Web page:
The ditransitive verb helps us express actions involving two objects. Remember the phrase “I was given the opportunity to work on a big marketing campaign”? This structure is useful when we want to highlight the action and the recipient, without necessarily mentioning the giver.
Let’s look at three simple examples:
Sarah showed me the car.
Anna told me a story.
Ravi gave me a pen.
When we use the ditransitive verb structure, the emphasis is on the action and the receiver. For instance:
I was shown the car by Sarah.
I was told a story.
I was given a pen.
Common ditransitive verbs include buy, give, pass, send, show, tell, make, grant, land, serve, and teach. These verbs help us convey actions involving two objects in a clear and concise manner.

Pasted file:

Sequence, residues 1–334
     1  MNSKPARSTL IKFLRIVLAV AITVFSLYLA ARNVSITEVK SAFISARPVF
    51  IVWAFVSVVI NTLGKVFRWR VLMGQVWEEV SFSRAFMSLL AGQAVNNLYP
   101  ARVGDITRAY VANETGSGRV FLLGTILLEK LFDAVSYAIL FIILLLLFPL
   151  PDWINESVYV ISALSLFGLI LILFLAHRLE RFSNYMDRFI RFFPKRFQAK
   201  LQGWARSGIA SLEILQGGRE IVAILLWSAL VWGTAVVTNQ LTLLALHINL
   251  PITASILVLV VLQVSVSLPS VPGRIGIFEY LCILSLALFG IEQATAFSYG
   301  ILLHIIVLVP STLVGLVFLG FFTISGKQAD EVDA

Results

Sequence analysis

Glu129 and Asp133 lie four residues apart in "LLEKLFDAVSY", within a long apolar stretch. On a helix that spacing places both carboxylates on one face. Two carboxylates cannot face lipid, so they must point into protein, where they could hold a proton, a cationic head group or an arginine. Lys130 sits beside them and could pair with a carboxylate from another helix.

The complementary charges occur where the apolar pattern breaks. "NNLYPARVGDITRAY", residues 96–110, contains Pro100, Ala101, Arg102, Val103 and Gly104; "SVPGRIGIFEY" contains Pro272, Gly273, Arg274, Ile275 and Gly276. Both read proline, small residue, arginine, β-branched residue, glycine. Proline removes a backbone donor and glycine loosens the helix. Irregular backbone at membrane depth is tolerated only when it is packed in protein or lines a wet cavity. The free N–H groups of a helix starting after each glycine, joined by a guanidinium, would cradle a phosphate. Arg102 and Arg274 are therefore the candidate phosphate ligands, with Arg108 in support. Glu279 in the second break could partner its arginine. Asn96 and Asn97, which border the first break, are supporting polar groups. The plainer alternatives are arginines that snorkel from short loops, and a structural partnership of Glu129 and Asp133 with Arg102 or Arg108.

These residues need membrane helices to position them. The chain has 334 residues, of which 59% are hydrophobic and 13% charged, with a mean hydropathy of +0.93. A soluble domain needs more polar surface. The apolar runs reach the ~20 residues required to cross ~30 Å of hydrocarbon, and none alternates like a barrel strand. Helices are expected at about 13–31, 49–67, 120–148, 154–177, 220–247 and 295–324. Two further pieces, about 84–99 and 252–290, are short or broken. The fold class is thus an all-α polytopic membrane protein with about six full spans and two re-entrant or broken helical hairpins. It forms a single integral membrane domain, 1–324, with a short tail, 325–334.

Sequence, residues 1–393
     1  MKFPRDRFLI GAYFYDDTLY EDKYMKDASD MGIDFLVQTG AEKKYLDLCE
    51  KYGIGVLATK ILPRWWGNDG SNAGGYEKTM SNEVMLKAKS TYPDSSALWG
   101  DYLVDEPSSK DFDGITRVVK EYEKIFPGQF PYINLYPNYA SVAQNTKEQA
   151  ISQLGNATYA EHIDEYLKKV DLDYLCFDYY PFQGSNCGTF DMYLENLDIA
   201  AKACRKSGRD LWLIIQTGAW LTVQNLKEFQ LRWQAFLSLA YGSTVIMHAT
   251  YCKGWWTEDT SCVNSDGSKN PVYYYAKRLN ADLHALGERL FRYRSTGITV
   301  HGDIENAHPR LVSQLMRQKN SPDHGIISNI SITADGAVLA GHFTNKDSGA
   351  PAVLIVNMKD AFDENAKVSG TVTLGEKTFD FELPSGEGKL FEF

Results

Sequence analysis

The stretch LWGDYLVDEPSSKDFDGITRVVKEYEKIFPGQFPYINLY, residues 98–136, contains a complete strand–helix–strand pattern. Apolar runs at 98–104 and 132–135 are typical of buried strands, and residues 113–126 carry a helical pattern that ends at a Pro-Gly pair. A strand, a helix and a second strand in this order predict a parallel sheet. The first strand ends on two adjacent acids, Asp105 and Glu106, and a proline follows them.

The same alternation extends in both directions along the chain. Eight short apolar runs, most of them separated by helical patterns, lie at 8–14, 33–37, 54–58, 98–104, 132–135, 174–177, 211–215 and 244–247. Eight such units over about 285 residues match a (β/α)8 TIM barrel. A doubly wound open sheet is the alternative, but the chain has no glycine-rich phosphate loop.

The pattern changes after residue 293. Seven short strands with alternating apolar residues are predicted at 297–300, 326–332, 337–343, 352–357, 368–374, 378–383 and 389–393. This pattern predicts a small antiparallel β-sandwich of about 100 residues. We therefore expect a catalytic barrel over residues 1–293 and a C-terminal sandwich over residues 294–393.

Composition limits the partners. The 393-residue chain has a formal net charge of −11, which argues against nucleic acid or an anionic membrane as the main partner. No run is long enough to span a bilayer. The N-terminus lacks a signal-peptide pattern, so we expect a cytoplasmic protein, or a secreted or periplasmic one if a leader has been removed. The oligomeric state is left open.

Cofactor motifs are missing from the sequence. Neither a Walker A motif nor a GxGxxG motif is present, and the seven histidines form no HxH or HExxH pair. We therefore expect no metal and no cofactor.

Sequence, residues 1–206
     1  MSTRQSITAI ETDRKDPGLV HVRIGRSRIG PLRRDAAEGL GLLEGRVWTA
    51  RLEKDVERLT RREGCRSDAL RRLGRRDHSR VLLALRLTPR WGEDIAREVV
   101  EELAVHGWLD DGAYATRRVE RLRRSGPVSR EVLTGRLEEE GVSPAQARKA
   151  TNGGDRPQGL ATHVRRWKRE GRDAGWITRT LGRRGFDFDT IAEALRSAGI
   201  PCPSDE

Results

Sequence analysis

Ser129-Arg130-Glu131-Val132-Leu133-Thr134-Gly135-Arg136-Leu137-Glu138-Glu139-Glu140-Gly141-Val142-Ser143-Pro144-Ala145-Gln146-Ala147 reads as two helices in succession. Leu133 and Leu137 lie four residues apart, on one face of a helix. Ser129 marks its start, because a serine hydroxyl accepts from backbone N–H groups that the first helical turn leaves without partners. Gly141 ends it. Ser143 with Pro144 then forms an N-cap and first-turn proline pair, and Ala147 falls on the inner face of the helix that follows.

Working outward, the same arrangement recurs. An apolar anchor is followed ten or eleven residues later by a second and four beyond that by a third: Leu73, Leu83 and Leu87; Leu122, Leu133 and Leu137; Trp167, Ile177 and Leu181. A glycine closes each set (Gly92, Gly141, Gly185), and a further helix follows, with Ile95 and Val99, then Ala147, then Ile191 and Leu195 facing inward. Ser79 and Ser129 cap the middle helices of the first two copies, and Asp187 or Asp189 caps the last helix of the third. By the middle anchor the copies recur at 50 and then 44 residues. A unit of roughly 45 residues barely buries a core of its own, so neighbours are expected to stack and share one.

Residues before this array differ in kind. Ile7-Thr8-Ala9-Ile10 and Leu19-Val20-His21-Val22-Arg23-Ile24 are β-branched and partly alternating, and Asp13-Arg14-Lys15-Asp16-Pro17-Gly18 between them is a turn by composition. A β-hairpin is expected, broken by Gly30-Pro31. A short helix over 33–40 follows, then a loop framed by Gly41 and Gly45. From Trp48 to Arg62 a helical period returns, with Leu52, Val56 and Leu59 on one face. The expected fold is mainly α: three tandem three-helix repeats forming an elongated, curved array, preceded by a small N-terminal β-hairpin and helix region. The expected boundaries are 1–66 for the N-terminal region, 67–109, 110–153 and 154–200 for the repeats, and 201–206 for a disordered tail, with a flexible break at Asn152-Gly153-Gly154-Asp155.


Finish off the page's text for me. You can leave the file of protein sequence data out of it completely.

I recently joined a cooking class. During the first lesson, I was given a recipe by the chef. As I followed the recipe, I was told to add a pinch of salt for better flavor. Later, I was taught how to properly chop vegetables, which greatly improved my cooking skills.
Last week, I attended a photography workshop. While taking photos, I was given some tips by the instructor. When I showed my photos, I was told that I should focus on lighting techniques. Then, I was taught how to adjust camera settings for better exposure, and that’s how I enhanced my photography skills.